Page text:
BCPL in the new millenium (was: Proposal3: Make $_ a validide ntifier cha...

Andrew P. Black black at cse.ogi.edu
Sat Jun 3 01:35:19 UTC 2000

At 13:06 -0500 2000.6.2, Parker, Mike wrote:
>Hey! what'd they do with all the '$(' and '$)' symbols?????
>It doesn't even look like BCPL!!!

I first  met BCPL running on Strachey's Modular One at Oxford. 
Although the language was essentially the same as Richard's, the 
syntax was far superior, mainly because Strachey had insisted on 
having teletypes and a line printer that actually supported a 
reasonable character set.

Specifically, the hardware character set included upper and lower 
case letters, three of the four arrows (right for conditional, down 
for indexing), multiply, logical "and" and  "or", a matching pair of 
quotes(!), and four sets of brackets {, [, ( and "Section brackets" 
that were used to delimit code blocks; the open section bracket was a 
double S section symbol (§) and the close section bracket was the 
same thing with a vertical bar running through it.

The full Modular One Internal character code also included a few 
characters that were not on the printers, but which could be produced 
(more or less) by overprinting: divide (÷), $, #, and lambda.

All this was done with 7 bits.  The 8th bit was used to indicate 
underlining.  Just as in many of the contemporary books, we used 
underlining to indicate keywords.  The underscore key on the Olivetti 
teletypes was a "dead" key, like an accent, and you typed the keyword 
let, say, by striking _l_e_t.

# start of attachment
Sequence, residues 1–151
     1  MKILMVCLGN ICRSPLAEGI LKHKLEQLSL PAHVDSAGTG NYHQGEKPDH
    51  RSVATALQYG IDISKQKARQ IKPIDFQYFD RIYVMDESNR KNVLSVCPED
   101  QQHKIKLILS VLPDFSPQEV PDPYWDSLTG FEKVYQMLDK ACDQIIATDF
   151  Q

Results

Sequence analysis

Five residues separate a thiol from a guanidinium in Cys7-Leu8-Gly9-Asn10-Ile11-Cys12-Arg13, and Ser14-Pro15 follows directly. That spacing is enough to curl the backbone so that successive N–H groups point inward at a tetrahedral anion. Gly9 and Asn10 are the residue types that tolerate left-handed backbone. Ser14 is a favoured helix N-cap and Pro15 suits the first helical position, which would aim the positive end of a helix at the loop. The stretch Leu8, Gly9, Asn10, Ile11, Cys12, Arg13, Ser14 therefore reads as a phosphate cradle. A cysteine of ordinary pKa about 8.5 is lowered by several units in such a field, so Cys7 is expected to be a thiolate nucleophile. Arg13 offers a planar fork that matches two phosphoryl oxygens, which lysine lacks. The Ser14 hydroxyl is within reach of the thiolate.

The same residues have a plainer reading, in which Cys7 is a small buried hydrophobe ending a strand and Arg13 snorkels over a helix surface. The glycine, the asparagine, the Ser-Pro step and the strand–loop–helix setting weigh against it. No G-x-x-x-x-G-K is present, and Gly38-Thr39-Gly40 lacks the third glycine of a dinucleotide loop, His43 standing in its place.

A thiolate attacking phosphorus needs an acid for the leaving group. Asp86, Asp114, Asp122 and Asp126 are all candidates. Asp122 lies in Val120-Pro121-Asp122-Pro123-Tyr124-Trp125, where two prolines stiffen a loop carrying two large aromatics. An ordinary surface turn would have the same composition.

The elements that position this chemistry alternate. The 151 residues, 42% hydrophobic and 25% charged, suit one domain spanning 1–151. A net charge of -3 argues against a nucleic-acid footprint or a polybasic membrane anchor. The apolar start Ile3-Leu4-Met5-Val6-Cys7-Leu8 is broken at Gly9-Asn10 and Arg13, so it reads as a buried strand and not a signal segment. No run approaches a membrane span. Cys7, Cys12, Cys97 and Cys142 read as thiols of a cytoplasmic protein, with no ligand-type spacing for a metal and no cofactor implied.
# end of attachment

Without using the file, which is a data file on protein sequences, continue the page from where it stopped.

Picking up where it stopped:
The Oxford version of BCPL also included "Manifest Functions", which 
were used to simulate abstract data types, and ... objects.  For 
example, Next[aStream] was a manifest function, i.e., one that could 
be compiled inline; its body was aStream <downarrow> STREAM_NEXT 
[aStream], i.e., apply the function that is stored in the STREAM_NEXT 
(a small integer) element of the aStream vector to aStream itself. 
What this did, of course, depended on the kind of stream that you had 
... sound familiar?

I still have a few listings from those days ...

Incidentally, manifest constants were by convention all caps, and 
words therein were broken by an underlined space (STREAM_NEXT).  All 
other identifiers used studley caps.

For those interested in more reminiscences, The Journal of Higher 
Order and SYmboli Computation has just published a special issue 
commemorating the 25th anniversary of Strachey's death.  It is online 
at  http://www.wkap.nl/sampletoc.htm?1388-3690+13+1/2+2000 (at least, 
that URL is for a "free sample" edition of the Journal, which just 
happened to be the right one when I tried it.)


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